OT (Humor) Clinton decides on a conventional mortgagegreenspun.com : LUSENET : TimeBomb 2000 (Y2000) : One Thread
Hi, Mr. and First Lady Hillary Rodham Clinton. Welcome to First Fidelity and Guarantee Trust Mortgages. I'm Alan Greenspan. No, no relation,sorry to say. May I call you Bill and Hillary? Fine, First Lady Hillary Rodham Clinton and Bill it is.
So you want to buy the old Rye Brook place, 4-something acres, as I recall. That's $2.2 million, and, with the customary 20 percent down -- that's $440,000 -- that leaves a mortgage of $1,760,000. No problem. We do these kinds of deals all the time. Now let's just have a look at your financial statements.
Let's see. Mr. Clinton, you are the president of the United States, of course, and your salary is -- oh, dear -- $200,000 a year. We usually recommend buying a house that costs no more than two-and-a-half times your annual salary. That means you should be looking for something around $500,000, perhaps a nice brick rancher on a quarter of an acre, not too fancy a neighborhood?
And I see here that you'll be out of a job in 16 months or so. What will you do then? Open a library. In Little Rock, Arkansas. Wow! I bet that will be some kind of moneymaker.
First Lady Hillary Rodham Clinton, you're running for Senate, right? Let's see. Senators are paid $130,000 a year -- assuming, of course, you're elected -- so even with your pension, you should still be looking for a house in the $325,000 range. Maybe a nice center hall colonial where the schools aren't so good.
First Lady Hillary Rodham Clinton, you haven't worked outside the home since 1991, correct? But you did some volunteer work, I see. You came up with a plan to overhaul the entire national health care system? I see. It flopped, in other words. But I see you had several business ventures back in Arkansas. How about this Whitewater Development Corp.? It went bankrupt. And Madison Guaranty? Bankrupt. And Castle Grande? Bankrupt, too. If you had gone to Yale Business School instead of Yale Law, you could probably get your money back. Now, don't get upset. It was just a little joke.
A little bad luck with the law, too, I see. Three of your business partners went to jail?
This is an embarrassing question, I know, but we have to ask because it does, after all, affect your ability to pay: Any problems in your marriage? No? Fine.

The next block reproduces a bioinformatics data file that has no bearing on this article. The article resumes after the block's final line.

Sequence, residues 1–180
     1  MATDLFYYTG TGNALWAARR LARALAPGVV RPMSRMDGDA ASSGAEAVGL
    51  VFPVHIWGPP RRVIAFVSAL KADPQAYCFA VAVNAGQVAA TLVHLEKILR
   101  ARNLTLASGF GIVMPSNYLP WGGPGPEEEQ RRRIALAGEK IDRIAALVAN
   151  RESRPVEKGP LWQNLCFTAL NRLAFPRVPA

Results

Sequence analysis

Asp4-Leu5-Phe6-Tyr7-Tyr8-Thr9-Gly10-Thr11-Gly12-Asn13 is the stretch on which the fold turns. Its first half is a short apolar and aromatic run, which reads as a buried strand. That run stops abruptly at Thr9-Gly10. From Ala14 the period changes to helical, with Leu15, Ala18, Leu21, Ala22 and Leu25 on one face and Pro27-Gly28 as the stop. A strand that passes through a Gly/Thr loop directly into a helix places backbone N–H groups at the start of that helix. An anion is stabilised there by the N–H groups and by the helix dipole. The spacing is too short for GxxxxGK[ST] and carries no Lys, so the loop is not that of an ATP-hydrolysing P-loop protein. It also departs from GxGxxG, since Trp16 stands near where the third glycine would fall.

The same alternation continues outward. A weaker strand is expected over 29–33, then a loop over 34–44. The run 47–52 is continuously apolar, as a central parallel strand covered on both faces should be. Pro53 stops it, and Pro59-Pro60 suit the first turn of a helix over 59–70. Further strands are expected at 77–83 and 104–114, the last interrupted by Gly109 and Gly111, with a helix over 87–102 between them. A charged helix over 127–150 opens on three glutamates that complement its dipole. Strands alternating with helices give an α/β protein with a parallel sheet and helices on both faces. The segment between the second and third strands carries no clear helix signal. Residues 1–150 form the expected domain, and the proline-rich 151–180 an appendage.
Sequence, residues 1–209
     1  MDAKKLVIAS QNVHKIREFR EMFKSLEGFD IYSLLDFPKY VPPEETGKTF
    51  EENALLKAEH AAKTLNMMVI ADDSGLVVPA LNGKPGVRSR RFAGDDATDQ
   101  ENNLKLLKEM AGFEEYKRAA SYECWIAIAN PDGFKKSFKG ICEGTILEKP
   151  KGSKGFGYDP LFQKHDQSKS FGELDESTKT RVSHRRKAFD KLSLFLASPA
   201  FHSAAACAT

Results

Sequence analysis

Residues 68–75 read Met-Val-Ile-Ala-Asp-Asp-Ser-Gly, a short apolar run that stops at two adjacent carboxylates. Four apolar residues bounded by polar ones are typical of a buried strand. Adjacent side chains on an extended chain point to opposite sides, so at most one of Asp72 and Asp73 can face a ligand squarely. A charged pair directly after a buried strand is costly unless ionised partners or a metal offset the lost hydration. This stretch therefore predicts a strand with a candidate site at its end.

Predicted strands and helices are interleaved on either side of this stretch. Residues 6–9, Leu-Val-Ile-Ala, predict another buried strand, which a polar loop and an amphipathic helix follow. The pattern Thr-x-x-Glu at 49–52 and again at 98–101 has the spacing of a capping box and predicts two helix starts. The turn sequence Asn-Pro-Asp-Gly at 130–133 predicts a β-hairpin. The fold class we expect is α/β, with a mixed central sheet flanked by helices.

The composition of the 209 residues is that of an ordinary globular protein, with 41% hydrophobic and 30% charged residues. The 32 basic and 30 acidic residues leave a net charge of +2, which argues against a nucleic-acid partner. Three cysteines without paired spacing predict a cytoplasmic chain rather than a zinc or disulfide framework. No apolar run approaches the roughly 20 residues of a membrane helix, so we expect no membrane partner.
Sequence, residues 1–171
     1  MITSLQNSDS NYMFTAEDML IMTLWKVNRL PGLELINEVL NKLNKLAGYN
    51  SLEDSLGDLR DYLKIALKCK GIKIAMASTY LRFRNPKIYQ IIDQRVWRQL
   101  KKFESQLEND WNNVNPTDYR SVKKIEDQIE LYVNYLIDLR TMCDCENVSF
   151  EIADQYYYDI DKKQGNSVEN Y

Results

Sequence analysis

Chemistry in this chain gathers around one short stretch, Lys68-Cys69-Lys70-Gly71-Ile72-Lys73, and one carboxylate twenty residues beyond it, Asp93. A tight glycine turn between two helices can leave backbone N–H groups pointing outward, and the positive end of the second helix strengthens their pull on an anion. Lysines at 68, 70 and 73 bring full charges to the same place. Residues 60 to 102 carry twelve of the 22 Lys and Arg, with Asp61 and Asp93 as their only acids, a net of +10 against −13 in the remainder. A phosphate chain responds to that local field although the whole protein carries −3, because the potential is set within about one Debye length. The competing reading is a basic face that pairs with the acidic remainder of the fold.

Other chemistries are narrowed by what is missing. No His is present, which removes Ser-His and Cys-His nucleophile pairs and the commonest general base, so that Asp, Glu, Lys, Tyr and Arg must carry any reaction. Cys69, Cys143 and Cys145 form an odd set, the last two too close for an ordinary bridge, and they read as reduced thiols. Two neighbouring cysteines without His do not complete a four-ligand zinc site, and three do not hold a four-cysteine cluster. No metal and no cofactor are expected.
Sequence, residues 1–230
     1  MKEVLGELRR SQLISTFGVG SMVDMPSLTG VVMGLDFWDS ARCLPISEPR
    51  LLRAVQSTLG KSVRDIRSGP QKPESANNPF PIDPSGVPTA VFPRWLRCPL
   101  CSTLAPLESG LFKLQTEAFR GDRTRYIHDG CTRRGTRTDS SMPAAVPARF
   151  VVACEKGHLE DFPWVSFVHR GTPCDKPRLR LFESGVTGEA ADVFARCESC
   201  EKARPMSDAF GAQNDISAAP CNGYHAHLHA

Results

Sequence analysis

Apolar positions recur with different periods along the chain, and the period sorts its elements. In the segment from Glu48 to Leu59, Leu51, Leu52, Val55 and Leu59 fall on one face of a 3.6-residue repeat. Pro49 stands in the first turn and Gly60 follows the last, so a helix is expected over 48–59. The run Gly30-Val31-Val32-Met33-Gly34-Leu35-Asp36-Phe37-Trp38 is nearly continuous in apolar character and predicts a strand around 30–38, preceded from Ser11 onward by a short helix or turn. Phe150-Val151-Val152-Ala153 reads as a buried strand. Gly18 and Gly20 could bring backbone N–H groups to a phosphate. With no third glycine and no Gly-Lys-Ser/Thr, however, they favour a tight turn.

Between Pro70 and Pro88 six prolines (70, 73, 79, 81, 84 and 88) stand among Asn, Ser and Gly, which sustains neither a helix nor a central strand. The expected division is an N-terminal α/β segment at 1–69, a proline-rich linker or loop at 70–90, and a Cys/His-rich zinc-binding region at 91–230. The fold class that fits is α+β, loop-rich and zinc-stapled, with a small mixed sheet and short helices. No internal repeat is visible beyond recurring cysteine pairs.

Let's look at your assets: $1.5 million. Not bad. Yes, yes, Mr. Clinton, we're not forgetting your Mustang back in Little Rock. But - oh -- those liabilities. You owe $5.5 million. That means you're $4 million in the hole. How do you expect to pay that off? You're hoping people will donate to a special fund. So basically, you're relying on the charity of strangers.
You also have some serious expenses. A kid at Stanford has got to be setting you back $30,000 to $35,000 a year, probably more with the air fares. And she wants to go to medical school? Ouch!
And Mr. Clinton. There's a little matter of a $90,000 fine for lying in court. I guess that rules out putting your law degree to work. Say, now, how do we know you're not lying on your loan application? Good point. It WOULD look a lot better if you were lying.
Are there any other legal matters we should know about? You say you're in the clear, Mr. Clinton, and the first lady is 'pretty much in the clear indictment-wise.' What does that mean? You don't think -- don't think -- she's going to get hit with a perjury or obstruction of justice rap. But we're not totally sure, right? That means there's the remote possibility -- note that I say 'remote'- that you could be trying to pay off a $1.76 million mortgage while making 12 cents an hour stitching mailbags for the feds and he is trying to make a go of a library in Little Rock.
Let's review the situation. One of you is now unemployed and the other one soon will be. You have these whopping great debts that you're hoping someone is going to come along and pay. You have a financial history that can only with great charity be described as 'checkered' plus a bunch of serious financial demands and ongoing legal problems. Your tangible assets seem to consist of an old Ford.
Well, congratulations! Welcome to our growing family of homeowners. You've got your mortgage!
-- Bob (firstname.lastname@example.org), September 27, 1999
LOL! To the top to cheer everybody up!
-- Ashton & Leska in Cascadia (email@example.com), September 27, 1999.
Oh, Bob, I'm home from work today on sick leave, and you've made me laugh so hard that I can't get this queasy tummy to settle down! Your post is SO good that I am now printing it to send to my brother in NYC who is one of those who advocates putting the "Run, Hillary, Run" bumper stickers on the front of the buses there!!!
-- Elaine Seavey (Gds1sheep@aol.com), September 27, 1999.
Elaine, is your brother going to stay in NYC during the new year? I have relatives that work in NYC but live in Jersey. They are all DGI's. And most are planning on being in NYC for the New Year celebaratins partys. The only good thing about this is there are no children in the families.
-- Carol (firstname.lastname@example.org), September 27, 1999.